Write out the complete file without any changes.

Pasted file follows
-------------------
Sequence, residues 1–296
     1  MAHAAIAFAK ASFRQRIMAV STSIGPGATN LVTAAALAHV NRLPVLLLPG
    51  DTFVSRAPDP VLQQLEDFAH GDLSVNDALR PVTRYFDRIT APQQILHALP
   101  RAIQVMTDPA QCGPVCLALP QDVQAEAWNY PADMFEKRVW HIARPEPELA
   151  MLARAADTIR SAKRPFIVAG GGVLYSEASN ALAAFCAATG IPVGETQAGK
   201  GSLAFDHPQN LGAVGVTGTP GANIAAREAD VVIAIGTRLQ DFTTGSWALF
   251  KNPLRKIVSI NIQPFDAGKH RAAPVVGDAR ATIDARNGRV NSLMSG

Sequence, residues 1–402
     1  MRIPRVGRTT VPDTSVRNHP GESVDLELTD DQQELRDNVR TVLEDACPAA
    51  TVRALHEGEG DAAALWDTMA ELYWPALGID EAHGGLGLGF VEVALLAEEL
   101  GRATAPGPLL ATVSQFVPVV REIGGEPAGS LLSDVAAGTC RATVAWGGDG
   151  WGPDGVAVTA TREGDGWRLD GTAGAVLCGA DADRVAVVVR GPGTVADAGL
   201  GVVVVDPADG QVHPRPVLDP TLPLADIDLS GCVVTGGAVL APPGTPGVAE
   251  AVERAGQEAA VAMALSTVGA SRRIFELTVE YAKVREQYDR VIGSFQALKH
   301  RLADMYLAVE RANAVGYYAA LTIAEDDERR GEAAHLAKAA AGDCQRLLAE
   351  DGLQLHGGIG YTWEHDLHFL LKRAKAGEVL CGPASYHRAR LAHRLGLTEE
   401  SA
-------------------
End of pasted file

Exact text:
Sequence, residues 1–296
     1  MAHAAIAFAK ASFRQRIMAV STSIGPGATN LVTAAALAHV NRLPVLLLPG
    51  DTFVSRAPDP VLQQLEDFAH GDLSVNDALR PVTRYFDRIT APQQILHALP
   101  RAIQVMTDPA QCGPVCLALP QDVQAEAWNY PADMFEKRVW HIARPEPELA
   151  MLARAADTIR SAKRPFIVAG GGVLYSEASN ALAAFCAATG IPVGETQAGK
   201  GSLAFDHPQN LGAVGVTGTP GANIAAREAD VVIAIGTRLQ DFTTGSWALF
   251  KNPLRKIVSI NIQPFDAGKH RAAPVVGDAR ATIDARNGRV NSLMSG

Sequence, residues 1–402
     1  MRIPRVGRTT VPDTSVRNHP GESVDLELTD DQQELRDNVR TVLEDACPAA
    51  TVRALHEGEG DAAALWDTMA ELYWPALGID EAHGGLGLGF VEVALLAEEL
   101  GRATAPGPLL ATVSQFVPVV REIGGEPAGS LLSDVAAGTC RATVAWGGDG
   151  WGPDGVAVTA TREGDGWRLD GTAGAVLCGA DADRVAVVVR GPGTVADAGL
   201  GVVVVDPADG QVHPRPVLDP TLPLADIDLS GCVVTGGAVL APPGTPGVAE
   251  AVERAGQEAA VAMALSTVGA SRRIFELTVE YAKVREQYDR VIGSFQALKH
   301  RLADMYLAVE RANAVGYYAA LTIAEDDERR GEAAHLAKAA AGDCQRLLAE
   351  DGLQLHGGIG YTWEHDLHFL LKRAKAGEVL CGPASYHRAR LAHRLGLTEE
   401  SA